Markdown and GitHub

First Steps Toward learning Modern Digital Practices for Sustainable and Shareable Research

Tuesday January 26, 2018, 12:30-3:30pm PST
UCSB South Hall 2509

Workshop Plan

  1. Discuss principles for sustainable and shareable research.
  2. Introduce the use of Markdown and GitHub for following these principles.
  3. Set up and practice tools for working with Markdown and GitHub.
  4. Establish a common set of tools for the WE1S team.

Advance Preparations

Basic Principles

Documents should be created to conform to the following ideals:

  • Simplicity
  • Clarity
  • Standards


Simplicity is about ease of production—and reproduction.

  • Simple layout and styling
  • Semantic markup where possible

Simple Layout

  • One column and minimal horizontal spacing
  • Minimal graphic elements

Simple Styling

  • Limited number of styling options for text emphasis
  • Avoid applying multiple styles (e.g. bold and italic) to single text elements

Semantic Markup

Markup symbols should describe content or style (but not both).


Clarity is about ease of reading.

Clear Markup

  • Minimal tagging
  • Easily-recognized markup symbols


Standards are about best practices for simplicity and clarity, as well as for easy conversion between formats. Document format, structure, and styling should

  • follow commonly used, rather than project-specific patterns, wherever possible;
  • allow people not connected with your project to read and modify your content;
  • allow digital tools made for general use to process your content.


These are principles, not rules.

In some contexts, there are good reasons to set them aside.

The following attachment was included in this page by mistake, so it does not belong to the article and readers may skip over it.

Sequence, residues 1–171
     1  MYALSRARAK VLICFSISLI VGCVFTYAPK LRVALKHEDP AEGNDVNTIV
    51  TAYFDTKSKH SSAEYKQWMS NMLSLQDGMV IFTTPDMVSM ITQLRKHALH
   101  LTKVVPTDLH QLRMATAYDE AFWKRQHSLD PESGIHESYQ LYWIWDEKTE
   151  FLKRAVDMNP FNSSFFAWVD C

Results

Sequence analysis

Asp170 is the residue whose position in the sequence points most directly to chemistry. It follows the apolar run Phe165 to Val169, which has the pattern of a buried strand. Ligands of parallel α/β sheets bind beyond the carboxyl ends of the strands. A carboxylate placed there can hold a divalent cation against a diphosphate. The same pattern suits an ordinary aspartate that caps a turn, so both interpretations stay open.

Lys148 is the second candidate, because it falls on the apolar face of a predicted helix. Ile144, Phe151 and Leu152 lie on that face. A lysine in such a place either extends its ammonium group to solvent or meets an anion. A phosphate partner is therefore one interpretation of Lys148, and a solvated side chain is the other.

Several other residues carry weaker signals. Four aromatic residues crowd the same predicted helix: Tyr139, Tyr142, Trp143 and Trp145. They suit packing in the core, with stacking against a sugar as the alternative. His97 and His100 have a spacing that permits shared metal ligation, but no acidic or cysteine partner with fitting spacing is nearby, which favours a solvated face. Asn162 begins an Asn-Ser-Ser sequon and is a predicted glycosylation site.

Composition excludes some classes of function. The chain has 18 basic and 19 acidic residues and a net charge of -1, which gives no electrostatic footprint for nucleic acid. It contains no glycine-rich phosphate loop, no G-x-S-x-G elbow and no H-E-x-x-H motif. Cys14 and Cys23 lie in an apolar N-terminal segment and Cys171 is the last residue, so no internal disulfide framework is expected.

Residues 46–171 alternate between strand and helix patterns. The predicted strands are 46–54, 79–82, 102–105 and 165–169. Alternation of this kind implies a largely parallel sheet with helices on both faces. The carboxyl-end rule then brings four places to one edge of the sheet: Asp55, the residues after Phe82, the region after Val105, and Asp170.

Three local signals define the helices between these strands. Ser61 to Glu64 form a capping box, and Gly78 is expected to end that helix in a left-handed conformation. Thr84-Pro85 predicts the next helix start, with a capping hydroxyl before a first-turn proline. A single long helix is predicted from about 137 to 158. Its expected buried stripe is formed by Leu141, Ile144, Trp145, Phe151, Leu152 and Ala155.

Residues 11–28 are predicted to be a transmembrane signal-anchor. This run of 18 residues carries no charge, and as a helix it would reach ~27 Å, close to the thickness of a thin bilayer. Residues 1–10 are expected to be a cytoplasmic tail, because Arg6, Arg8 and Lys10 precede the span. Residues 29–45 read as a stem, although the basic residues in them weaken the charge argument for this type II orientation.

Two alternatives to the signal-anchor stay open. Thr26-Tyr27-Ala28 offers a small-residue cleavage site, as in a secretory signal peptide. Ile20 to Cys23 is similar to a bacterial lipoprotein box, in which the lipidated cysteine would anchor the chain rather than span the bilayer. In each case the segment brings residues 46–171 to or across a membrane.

Common Types of Markup

  • HTML: Uses tags in angle brackets to (ideally) describe the semantic structure of web pages.
  • CSS: Uses property-value pairs to describe the styling of elements on web pages.
  • XML: Uses tags in angle brackets to describe the semantic structure and styling of any document. For rendering, XML documents are normally transformed into other formats.

These, and similar types of markup are intended to produce “rich” documents, so they contain vocabularies that risk violating the principles of simplicty and clarity.


What Is Markdown?

Markdown is a plain text format for writing structured documents. Instead of tags, it uses symbols that were conventional in the early days of email before we had rich text editors.

  • Markdown can be produced in a simple text editor.
  • Markdown has a small number of formatting elements.
  • Markdown is typically converted to HTML for the display on the web but is easily converted to other formats.
  • Sample Markdown Document

Common Uses of Markdown

Increasingly, developers are producing tools that support Markdown (including reveal.js, which was used to produce this slideshow).

People are also using Markdown for general writing because of its ease of use, because it enforces principles of simplicity and clarity, and because it is easy to convert to multiple formats.

Why do I have to learn Markdown?

Can’t I just use Word? I know how to use that.

Even if you know how to use Word well, do you?

Do you really?

Problems with Word